“Do you feel safe at home?” This is a question that we all ought to be routinely asked at medical appointments, and for good reason. This is a method of identifying if people are in abusive relationships or living situations that can be extremely difficult to leave. Domestic violence acts as a silent killer in Minnesota, and we need to take action to protect victims before it’s too late.
Statewide, domestic violence is an issue that affects many, sometimes without us realizing it. While more than 65,000 adults receive services for domestic violence each year in Minnesota, less than half of victims ever reach out for services. Domestic violence can result in psychological and physical harm to victims. Research shows that the psychological effects of domestic violence against women can lead to depression, post-traumatic stress disorder, anxiety, and thoughts of suicide. Additionally, the National Coalition Against Domestic Violence recognizes low self-esteem and difficulties trusting others as common effects of psychological abuse.
The Domestic Abuse Project in Minnesota identifies violence in relationships to stem from abusers internalizing gender roles and norms seen in the media and religious institutions, having feelings of low self-worth, having grown up viewing violence in the home, and having difficulties expressing or distinguishing emotions. Violence in relationships can be used to control victims, making it harder for victims of abuse to leave dangerous situations.
Women are disproportionately victims
Domestic abuse is a form of gender violence because women are disproportionately victims in the United States. This problem demands more attention because coercion, manipulation, threatening behavior, and all types of abuse can often go unnoticed by others.
Despite increasing awareness of domestic violence, less is known about the role of firearms in domestic violence homicides. According to the Minnesota Coalition for Battered Women, at least 79 percent of the victims of domestic violence homicides in 2017 were women in Minnesota. From 2015 to 2017, gunshot was also the leading cause of death for adult female victims of domestic violence homicide.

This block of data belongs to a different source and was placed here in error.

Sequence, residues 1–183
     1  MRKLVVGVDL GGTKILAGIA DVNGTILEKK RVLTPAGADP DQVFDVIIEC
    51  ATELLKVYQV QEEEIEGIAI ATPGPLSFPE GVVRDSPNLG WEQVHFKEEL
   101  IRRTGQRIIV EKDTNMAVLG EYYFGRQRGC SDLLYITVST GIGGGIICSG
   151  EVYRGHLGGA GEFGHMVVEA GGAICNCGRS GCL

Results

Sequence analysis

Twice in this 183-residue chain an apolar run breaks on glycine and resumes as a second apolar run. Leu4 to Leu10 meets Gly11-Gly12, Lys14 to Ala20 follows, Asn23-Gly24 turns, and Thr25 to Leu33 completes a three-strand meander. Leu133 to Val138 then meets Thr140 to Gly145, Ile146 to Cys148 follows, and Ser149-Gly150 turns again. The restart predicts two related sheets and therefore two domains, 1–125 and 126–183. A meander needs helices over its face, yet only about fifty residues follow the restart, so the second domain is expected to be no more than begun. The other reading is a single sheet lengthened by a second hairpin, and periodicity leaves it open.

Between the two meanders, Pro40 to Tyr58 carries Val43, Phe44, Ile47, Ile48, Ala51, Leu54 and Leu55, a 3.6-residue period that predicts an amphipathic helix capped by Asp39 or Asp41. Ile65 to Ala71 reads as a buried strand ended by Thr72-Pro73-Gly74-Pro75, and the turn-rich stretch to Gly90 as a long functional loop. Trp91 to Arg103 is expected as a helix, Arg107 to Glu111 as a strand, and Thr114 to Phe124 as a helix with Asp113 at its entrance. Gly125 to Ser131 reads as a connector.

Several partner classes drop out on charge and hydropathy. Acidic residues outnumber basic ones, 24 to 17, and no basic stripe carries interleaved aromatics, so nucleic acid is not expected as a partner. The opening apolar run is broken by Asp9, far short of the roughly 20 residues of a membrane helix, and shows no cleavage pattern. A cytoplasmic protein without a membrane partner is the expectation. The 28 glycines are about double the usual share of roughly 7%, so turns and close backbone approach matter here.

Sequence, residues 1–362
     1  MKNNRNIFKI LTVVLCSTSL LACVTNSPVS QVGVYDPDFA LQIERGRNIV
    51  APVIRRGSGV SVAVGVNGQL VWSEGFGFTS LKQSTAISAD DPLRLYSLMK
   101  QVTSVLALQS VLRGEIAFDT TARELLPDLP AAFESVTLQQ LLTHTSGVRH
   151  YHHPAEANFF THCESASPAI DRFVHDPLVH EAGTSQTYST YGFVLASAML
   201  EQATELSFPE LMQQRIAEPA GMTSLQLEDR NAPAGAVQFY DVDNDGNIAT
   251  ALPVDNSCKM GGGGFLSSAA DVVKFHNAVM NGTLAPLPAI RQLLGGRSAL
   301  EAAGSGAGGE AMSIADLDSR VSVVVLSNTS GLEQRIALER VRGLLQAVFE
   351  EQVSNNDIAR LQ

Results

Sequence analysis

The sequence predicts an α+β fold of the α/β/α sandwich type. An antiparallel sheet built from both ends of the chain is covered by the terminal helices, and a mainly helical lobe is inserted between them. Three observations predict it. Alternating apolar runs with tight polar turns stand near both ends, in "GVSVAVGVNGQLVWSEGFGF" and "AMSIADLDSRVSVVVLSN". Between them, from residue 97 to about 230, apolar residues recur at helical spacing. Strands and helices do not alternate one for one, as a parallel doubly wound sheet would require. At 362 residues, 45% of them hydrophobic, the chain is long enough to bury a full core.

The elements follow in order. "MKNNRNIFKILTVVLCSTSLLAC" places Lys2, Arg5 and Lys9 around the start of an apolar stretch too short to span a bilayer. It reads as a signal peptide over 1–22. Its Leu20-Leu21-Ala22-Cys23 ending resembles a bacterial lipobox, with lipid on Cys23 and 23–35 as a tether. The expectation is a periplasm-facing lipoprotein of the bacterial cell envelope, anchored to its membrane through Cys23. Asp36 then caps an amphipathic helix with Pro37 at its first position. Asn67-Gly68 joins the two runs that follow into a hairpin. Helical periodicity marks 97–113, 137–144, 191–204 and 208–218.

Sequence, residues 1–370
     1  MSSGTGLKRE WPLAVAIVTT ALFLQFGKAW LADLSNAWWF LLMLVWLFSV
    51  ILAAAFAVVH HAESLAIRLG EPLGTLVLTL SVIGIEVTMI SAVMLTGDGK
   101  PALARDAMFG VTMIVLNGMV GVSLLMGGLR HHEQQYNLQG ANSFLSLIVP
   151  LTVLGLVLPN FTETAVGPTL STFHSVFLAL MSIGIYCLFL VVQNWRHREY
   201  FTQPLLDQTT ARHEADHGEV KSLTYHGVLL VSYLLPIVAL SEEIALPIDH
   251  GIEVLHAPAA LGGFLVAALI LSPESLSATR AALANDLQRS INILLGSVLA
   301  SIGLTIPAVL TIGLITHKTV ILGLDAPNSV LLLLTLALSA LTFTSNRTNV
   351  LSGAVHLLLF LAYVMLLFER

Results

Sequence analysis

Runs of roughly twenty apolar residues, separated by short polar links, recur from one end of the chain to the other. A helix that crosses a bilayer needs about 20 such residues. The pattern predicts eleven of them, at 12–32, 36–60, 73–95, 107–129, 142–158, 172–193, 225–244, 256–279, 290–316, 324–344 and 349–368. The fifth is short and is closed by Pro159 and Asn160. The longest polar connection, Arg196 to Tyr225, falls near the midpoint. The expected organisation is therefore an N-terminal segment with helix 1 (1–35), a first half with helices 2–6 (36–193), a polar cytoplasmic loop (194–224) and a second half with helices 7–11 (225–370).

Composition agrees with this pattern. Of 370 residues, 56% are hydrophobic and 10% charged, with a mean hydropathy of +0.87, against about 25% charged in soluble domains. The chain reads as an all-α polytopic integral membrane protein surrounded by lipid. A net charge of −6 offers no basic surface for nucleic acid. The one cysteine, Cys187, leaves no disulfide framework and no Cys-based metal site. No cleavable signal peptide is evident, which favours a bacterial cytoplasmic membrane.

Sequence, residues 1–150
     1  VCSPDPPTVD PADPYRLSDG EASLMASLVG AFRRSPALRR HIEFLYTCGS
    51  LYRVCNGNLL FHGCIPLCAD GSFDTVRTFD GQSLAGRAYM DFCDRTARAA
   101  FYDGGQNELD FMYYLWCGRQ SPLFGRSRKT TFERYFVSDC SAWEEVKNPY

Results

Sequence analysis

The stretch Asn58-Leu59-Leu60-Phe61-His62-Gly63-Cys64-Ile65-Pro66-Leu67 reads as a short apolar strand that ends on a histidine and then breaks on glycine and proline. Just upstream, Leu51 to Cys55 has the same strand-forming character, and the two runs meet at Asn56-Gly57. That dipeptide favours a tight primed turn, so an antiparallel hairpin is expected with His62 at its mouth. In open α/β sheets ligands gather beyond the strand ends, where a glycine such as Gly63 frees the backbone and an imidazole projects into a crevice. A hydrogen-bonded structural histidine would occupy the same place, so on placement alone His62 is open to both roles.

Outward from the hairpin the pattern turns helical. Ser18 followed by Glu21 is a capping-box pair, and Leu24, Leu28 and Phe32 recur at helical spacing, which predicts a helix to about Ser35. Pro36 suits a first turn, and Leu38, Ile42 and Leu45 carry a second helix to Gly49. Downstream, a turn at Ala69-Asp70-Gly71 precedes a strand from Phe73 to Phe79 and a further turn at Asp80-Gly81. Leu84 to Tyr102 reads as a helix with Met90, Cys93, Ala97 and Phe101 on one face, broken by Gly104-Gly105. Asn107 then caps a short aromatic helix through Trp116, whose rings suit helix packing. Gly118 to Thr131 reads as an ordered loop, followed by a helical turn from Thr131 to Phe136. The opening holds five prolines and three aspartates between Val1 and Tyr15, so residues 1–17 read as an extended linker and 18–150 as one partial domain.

Currently, an Order for Protection (OFP) can be given by a judge in the case of domestic abuse in Minnesota if the judge has concluded that the person requesting the order faces immediate danger of domestic violence. Since Minnesota’s 2014 Domestic Violence Firearm Act, abusers are required to transfer or surrender firearms temporarily if convicted of certain domestic assault offenses, subject to Domestic Child Abuse No Contact orders or certain OFPs.
However, as Minnesota’s Kare 11 news team reported in March that in 2016 there were 2,937 domestic violence OFP cases filed that required a transfer of firearms if present but only 119 were confirmed (4 percent of cases) statewide. There was no way to know exactly how many abusers possessed firearms. However, Roseau County confirmed a transfer of firearms for 73 percent of Domestic Violence OFP cases because the county judge made confirming firearm transfers a top priority.
Legislation would help prevent gun violence
The Gun Violence Protective Orders Authorization Bill SF 1262/HF 1605 was introduced in the 2017 and 2018 legislative sessions, but was not passed. This would provide a more direct way to prevent gun violence by allowing someone to petition that another poses a significant and immediate danger to self or others by possessing a firearm. This would be a step in the right direction for victims of domestic violence in Minnesota. In order to protect these victims from gun violence, I urge the Minnesota Legislature to pass this bill.
Compared to the state’s current requirements under the Domestic Violence Firearm Act, this type of OFP could be more effective. With these OFPs, there would be a greater likelihood of gun transfer affidavits because they are specific to gun violence and it would be clear that petitioners know that someone is in possession of a firearm and poses a danger to self or others. In addition, under this OFP, guns would need to be transferred within 24 hours rather than three days as with the current OFP for domestic abuse. This would allow victims in immediate danger of gun violence to petition for an OFP that would be more likely to protect them and others.
Madeline Schwartz is a Master of Public Health student at the University of Minnesota-Twin Cities.
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